The purpose of this study is to develop and test a set of interventions to reduce the impact of extreme heat on urban low-income populations.
Our project, “Heat Emergency Awareness and Treatment (HEAT)”, is focused on developing training and educational materials that will be implemented in hospitals and communities to increase awareness about heat-related illness (HRI) and to lower the incidence of HRI during heat waves. This is a two-arm study based in Karachi, Pakistan. One arm is within hospitals and the other arm in communities. As part of the study protocol, we surveyed four major hospitals and sixteen communities that have been impacted by heat waves to understand who is affected and who seeks treatment for heat exposure. Additionally, we conducted a literature review to get more information on community heat emergency prevention programs and methods of diagnosing and treating HRI. Our team noticed that the majority of the literature and the data on heat-related illnesses focused on males, specifically laborers, athletes, and the military. Few studies focused on HRI effects on women and children. It appears that women and children become the invisible victims of heat exposure.
The community health workers who work for one of our partners, the Aman Foundation, go house to house to collect data from women about their families’ experiences with illness, symptoms of HRI, daily activity, and their living conditions. In the hospitals, data collectors from the Aga Khan University collect similar information from individuals in the waiting rooms. They are also able to gather information on patient diagnoses. There appear to be gender differences in the incidence of heat-related illness within communities. Data is still being collected and will shed more light on these differences. Our team has begun to hypothesize that many women are lost to hospital surveillance because many do not recognize the work in their home as risk behaviors for HRI. Women in urban communities often work over hot stoves in poorly ventilated homes with metal rooves. In addition, many communities face regular drinking water shortages. These increased exposures to heat, in addition to higher environmental temperatures, put women at higher risk for HRI. Additionally, we hypothesize that due to their responsibilities as caretakers of the children and the home, they are less likely to leave the home to seek care when they experience symptoms of heat exhaustion or heat stroke. They are more likely to attempt home remedies and self-treatment before seeking medical care.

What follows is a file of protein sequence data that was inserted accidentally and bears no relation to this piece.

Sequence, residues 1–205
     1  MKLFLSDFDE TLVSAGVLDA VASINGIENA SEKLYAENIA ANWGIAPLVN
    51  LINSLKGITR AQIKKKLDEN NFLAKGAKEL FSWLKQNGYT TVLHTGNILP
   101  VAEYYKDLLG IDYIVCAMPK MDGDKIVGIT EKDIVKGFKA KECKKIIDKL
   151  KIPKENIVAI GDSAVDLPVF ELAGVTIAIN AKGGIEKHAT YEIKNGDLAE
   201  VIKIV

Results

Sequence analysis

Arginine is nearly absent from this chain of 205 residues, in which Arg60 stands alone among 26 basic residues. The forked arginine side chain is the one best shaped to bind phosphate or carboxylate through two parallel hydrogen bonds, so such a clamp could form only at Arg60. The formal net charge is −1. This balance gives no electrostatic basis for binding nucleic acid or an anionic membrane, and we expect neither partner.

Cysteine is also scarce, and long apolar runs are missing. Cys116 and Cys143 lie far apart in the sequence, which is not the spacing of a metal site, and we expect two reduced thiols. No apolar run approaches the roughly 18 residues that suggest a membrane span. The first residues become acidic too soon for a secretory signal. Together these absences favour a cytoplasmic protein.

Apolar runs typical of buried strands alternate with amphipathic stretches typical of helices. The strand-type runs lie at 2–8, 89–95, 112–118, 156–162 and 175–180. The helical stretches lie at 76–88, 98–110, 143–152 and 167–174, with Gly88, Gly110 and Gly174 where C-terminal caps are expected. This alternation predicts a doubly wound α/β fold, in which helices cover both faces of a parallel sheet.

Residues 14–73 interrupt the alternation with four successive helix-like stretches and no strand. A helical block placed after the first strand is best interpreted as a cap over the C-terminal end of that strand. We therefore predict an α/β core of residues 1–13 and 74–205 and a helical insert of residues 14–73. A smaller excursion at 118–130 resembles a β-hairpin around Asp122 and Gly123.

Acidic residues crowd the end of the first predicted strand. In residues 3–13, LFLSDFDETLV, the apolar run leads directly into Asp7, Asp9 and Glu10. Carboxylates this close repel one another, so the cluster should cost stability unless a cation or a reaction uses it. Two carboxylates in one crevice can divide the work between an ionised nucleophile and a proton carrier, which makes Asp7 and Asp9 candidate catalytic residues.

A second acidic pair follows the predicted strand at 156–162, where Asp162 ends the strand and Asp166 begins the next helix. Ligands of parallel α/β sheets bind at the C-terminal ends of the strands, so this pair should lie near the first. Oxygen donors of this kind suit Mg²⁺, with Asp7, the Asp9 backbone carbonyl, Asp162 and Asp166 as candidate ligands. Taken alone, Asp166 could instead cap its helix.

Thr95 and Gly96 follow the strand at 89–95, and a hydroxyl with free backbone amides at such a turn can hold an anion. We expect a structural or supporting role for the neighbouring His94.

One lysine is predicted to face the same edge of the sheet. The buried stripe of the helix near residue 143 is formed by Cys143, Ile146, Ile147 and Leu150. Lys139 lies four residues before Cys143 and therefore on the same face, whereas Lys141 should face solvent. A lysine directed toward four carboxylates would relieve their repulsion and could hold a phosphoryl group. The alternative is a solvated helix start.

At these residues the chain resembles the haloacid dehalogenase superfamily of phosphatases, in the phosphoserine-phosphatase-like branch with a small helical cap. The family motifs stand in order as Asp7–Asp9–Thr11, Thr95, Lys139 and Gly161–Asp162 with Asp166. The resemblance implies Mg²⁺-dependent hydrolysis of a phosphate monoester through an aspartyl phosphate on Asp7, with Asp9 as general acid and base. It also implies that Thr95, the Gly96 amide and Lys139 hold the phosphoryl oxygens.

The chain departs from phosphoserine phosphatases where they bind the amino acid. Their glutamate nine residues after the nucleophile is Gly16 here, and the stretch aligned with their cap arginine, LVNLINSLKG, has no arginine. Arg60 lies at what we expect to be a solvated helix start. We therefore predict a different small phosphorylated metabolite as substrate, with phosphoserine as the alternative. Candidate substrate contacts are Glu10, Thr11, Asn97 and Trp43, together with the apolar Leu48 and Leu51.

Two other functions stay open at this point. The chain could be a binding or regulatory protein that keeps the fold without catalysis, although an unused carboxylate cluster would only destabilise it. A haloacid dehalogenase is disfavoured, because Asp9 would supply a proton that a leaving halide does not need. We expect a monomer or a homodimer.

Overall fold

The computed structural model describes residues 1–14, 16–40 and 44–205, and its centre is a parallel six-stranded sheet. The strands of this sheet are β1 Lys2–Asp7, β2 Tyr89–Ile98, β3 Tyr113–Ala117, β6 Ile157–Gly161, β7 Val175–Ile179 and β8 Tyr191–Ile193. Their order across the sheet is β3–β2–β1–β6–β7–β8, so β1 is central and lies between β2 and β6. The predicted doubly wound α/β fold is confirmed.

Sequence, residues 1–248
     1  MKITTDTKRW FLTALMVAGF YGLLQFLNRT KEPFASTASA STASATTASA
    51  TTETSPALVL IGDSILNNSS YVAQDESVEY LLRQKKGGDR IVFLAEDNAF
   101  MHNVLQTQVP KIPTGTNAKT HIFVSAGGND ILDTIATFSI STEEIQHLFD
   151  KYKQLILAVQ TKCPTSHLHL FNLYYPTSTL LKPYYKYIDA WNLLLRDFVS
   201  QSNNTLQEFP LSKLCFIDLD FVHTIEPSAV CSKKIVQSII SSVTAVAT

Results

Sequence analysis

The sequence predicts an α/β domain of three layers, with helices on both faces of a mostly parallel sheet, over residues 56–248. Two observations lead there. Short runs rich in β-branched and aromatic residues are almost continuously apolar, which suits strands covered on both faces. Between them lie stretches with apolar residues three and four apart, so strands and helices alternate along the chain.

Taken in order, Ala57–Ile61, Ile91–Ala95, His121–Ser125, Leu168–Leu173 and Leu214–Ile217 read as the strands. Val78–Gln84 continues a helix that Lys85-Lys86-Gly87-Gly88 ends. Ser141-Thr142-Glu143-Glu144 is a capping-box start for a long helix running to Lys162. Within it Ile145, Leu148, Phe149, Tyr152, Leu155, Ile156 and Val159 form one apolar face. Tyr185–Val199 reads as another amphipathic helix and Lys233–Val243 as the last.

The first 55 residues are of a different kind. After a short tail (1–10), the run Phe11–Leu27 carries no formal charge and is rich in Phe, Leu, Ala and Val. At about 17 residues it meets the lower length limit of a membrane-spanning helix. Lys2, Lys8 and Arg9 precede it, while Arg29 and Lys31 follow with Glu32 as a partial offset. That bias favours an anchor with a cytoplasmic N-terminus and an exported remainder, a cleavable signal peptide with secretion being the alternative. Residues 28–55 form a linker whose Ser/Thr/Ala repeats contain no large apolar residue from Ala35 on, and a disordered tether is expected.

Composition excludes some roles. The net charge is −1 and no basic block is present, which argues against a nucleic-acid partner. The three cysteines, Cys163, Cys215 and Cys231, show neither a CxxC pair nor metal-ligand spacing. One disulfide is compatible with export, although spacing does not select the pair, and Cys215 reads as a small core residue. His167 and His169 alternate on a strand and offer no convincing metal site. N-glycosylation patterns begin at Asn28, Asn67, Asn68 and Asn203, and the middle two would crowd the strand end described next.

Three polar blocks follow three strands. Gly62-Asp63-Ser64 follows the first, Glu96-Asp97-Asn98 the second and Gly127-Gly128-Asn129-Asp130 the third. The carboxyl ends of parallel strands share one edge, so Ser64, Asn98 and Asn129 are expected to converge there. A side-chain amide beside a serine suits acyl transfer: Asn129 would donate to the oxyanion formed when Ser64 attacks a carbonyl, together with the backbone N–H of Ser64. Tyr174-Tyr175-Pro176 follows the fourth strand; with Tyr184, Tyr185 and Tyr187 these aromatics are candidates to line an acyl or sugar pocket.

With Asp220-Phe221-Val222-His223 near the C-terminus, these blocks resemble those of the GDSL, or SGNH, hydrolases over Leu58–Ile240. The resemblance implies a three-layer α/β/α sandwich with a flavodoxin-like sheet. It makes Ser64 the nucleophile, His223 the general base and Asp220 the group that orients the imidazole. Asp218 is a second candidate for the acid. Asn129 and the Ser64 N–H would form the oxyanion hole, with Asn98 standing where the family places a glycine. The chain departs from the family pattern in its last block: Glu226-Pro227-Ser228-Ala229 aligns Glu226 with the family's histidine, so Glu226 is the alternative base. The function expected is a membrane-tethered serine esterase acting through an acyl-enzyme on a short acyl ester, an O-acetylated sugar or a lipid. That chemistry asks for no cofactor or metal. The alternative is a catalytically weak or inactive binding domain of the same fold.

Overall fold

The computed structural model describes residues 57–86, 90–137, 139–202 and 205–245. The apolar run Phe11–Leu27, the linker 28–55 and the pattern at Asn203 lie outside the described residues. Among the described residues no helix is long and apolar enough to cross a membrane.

During focus group discussions with community members we learned of the potential risks to children. Children are also vulnerable to HRIs merely by participating in regular day to day activities. Playing in the outdoors in direct exposure to the sun and walking to school can pose increased risks during heat waves. The focus group discussions also revealed barriers to care for women, and by extension their children. Women are not allowed to attend healthcare facilities on their own. This barrier and other difficulties with transportation, inadequate access to functioning healthcare facilities, and poverty make access to healthcare in times of emergency difficult.
As mentioned previously, there is little literature that examines heat exposures in the home. Those that do exist, focus on elderly homebound populations in high-income countries, who are at increased risk of extreme heat exposure during heat waves. The HEAT project’s community surveillance component provides us with a unique opportunity to assess the health impact of in-home heat exposure in low resource urban communities and to examine the disparities in healthcare access for women and children. It is also a great opportunity to increase the knowledge and awareness about populations within the home who generally are overseen in the context of heat-related illness.
Author: Chelsea Ducille, MSPH